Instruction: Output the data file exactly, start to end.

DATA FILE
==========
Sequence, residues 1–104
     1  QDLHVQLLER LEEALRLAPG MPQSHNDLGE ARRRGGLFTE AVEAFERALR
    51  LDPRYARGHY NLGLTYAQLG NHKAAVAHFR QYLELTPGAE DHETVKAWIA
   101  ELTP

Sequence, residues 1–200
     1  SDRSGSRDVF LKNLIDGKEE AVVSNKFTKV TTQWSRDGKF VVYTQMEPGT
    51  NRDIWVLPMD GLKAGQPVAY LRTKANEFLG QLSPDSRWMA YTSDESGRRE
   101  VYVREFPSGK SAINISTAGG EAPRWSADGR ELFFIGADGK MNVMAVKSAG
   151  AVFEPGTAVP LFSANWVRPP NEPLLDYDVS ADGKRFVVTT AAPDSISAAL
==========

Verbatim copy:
Sequence, residues 1–104
     1  QDLHVQLLER LEEALRLAPG MPQSHNDLGE ARRRGGLFTE AVEAFERALR
    51  LDPRYARGHY NLGLTYAQLG NHKAAVAHFR QYLELTPGAE DHETVKAWIA
   101  ELTP

Sequence, residues 1–200
     1  SDRSGSRDVF LKNLIDGKEE AVVSNKFTKV TTQWSRDGKF VVYTQMEPGT
    51  NRDIWVLPMD GLKAGQPVAY LRTKANEFLG QLSPDSRWMA YTSDESGRRE
   101  VYVREFPSGK SAINISTAGG EAPRWSADGR ELFFIGADGK MNVMAVKSAG
   151  AVFEPGTAVP LFSANWVRPP NEPLLDYDVS ADGKRFVVTT AAPDSISAAL